Vive la Downtown! Business grants available to instill a touch of Paris
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Whether it's flowers spilling into the street from a florist shop or sipping coffee at an outdoor cafe, the Pittsburgh Downtown Partnership wants to bring a bit of Paris to the city of steel.
Through a $1 million grant from the Colcom Foundation, the partnership is offering matching funds to Downtown restaurants, retailers and businesses as incentive to perk up their facades and sidewalks.
The Paris to Pittsburgh program is one of two initiatives being launched by the partnership this year in a bid to add vibrancy to the heart of the Golden Triangle.
It also is offering property owners loans to convert vacant or under-used upper floors into apartments in the hope of providing more affordable options for people who want to live Downtown.
One of the goals of the Paris to Pittsburgh program is to make store and restaurant fronts more transparent, with large window or garage door-like openings that will allow patrons to move freely between the indoor and outdoor spaces.
"This is a way to activate [the sidewalks] and to create more dynamic space for people to use," said Mike Edwards, the partnership's president and chief executive officer.
The partnership already is working with MixStirs Cafe, a Market Square restaurant that opened last fall, on improvements. The restaurant has added retractable awnings that will allow for outdoor dining in the warmer weather, and new lights and signs.
As spring approaches, it plans to take out part of a wall facing the square and add a 20-foot window or door. The restaurant also will add about 25 seats outside.
The work will cost about $60,000, with the cost split between the partnership and the restaurant owner.
MixStirs owner Mike Pfeuffer said the improvements will give the restaurant "more of a European feel" and enhance Market Square.
"We're trying to make Market Square a more pedestrian friendly place, a destination spot for families and businessmen. These enhancements are only going to add to that," he said.
Under the program, matching grants can be used for a multitude of improvements, including awnings and umbrellas, flower boxes, outdoor tables and chairs, heating lanterns for dining in cooler weather, lighting, signs, landscaping, outdoor music and better access..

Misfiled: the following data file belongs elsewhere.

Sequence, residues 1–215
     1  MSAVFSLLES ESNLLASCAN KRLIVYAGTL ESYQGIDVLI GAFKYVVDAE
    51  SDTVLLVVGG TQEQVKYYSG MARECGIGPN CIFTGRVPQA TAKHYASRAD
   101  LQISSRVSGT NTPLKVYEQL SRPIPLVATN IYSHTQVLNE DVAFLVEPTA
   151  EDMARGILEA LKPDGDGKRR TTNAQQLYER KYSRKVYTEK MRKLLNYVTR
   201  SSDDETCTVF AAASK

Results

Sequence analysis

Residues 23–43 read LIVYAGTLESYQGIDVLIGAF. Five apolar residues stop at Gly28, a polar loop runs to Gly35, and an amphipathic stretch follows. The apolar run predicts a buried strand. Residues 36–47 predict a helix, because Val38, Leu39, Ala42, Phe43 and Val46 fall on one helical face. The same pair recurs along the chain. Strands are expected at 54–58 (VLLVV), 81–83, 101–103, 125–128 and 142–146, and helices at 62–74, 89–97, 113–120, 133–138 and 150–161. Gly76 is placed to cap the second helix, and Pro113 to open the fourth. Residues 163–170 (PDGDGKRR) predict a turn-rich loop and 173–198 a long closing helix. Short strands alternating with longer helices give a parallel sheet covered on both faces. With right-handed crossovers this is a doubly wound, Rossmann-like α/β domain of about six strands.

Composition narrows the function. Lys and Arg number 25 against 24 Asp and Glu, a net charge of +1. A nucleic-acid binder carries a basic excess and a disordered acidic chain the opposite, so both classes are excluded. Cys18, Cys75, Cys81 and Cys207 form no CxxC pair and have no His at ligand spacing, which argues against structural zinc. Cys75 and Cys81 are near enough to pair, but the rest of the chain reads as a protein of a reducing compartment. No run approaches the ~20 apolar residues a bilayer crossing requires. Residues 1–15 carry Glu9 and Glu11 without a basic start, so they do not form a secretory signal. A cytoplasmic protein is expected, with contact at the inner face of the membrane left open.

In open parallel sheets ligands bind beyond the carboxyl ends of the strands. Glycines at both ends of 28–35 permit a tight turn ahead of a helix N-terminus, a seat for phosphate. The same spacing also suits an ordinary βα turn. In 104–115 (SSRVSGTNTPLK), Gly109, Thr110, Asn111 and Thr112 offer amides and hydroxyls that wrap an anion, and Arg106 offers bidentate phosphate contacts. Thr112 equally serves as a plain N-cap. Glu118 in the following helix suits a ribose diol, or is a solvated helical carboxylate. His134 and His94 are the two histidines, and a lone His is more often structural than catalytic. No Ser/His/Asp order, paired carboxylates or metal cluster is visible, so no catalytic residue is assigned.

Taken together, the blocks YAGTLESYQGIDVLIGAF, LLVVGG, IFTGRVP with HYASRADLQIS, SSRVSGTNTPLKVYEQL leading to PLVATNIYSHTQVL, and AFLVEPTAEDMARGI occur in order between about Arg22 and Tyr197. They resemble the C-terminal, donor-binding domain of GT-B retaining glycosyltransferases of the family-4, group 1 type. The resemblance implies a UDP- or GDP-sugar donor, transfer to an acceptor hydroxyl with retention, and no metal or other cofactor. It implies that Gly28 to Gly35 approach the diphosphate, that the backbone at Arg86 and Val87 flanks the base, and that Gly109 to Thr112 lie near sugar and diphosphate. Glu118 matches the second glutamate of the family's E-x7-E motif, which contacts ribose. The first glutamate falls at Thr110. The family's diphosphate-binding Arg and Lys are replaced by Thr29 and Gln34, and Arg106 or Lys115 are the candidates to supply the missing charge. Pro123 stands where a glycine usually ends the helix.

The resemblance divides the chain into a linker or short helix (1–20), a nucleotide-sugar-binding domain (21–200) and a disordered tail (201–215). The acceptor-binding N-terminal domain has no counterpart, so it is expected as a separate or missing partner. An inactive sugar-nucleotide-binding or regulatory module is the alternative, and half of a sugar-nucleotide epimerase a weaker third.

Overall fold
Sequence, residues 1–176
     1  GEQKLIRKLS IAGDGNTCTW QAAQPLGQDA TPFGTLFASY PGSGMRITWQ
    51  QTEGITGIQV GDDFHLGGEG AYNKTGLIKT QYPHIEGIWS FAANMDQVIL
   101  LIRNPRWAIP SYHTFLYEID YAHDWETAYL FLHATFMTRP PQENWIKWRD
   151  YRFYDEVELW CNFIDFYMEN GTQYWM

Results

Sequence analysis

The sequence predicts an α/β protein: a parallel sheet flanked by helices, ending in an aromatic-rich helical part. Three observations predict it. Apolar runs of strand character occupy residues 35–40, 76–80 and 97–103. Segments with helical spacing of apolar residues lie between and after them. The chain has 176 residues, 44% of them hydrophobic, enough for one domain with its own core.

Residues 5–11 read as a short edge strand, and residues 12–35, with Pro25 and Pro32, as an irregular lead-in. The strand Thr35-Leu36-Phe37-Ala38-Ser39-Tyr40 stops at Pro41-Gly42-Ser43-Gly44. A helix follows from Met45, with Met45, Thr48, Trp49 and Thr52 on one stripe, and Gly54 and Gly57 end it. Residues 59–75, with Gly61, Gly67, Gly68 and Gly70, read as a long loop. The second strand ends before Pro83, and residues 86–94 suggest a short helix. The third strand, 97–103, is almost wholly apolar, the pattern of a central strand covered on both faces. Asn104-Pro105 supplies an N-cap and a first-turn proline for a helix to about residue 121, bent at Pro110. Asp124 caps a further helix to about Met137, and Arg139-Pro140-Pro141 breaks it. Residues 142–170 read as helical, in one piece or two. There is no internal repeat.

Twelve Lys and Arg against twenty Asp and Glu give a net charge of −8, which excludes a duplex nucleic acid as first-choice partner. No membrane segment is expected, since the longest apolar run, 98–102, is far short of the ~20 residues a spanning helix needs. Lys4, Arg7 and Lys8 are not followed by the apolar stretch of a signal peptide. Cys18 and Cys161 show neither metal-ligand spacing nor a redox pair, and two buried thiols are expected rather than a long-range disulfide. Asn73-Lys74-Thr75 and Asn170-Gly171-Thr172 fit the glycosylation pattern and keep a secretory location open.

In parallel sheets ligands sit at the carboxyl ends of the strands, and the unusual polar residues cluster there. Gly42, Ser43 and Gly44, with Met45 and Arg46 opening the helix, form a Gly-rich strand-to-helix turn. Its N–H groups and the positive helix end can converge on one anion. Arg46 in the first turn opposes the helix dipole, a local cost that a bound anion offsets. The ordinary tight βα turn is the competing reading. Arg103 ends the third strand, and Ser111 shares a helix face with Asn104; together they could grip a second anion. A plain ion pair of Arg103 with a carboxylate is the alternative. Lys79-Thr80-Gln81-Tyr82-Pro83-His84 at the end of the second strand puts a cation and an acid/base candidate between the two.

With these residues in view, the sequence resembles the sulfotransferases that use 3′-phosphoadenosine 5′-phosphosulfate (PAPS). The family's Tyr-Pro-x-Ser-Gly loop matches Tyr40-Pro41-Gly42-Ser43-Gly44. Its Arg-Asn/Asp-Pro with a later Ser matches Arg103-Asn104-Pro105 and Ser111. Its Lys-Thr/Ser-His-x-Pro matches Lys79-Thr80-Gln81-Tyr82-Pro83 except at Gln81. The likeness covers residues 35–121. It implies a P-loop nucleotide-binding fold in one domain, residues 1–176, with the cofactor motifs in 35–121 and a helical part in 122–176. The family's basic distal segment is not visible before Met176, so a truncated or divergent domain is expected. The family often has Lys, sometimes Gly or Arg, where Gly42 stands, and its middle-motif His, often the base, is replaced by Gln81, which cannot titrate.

For example, florists could use the money to display flowers outdoors, Mr. Edwards said. Markets could do the same with fruits and vegetables. Bookstores could put racks of books on the sidewalks. Jenny Lee Bakery could serve coffee and doughnuts outdoors.
"Those are the kinds of things that we think will make Downtown a much deeper experience," Mr. Edwards said.
Robin Fernandez, owner of the Bossa Nova restaurant, who is opening a market in the Encore on 7th apartment building in March, said he would like to display fresh vegetables and flowers on the sidewalk. He said he may take advantage of the program for the store and his Downtown restaurants.
He said such initiatives are important for improving Downtown.
"It just adds to the vibrancy. Street activity is always great for business. The busier the sidewalks are the busier the businesses are," he said.
The partnership hopes to award matching grants for 68 projects Downtown. It hopes to do 32 to 35 this year alone. An advisory committee that will include urban design professionals will review applications from businesses.
It also wants to develop sidewalk parties and other street level programs to complement and play off improvements.
The partnership's other major initiative this year is a loan program to help property owners convert upper floor space into apartments. The program is being funded with the help of a $1.75 million grant from the Heinz Endowments and $1.75 million from the city Urban Redevelopment Authority.
Mr. Edwards said the partnership hopes to award five to eight loans this year and create 50 rental units Downtown. He said the goal is to create more affordable housing than some of the upper-end residential projects that have been completed or are being developed in the city.
Projects can have up to eight floors of residential development.
Coupled with the facade and street improvements, "we think it's going to create a much more vibrant Downtown," Mr. Edwards said.
Mayor Luke Ravenstahl said the program fits in with his plans for Downtown, noting that "growing our residential base is one of my primary goals and I am pleased that the city can join the foundation community in turning great ideas into reality."
The partnership plans to discuss both initiatives at its annual meeting next week.
First Published February 7, 2008 12:00 am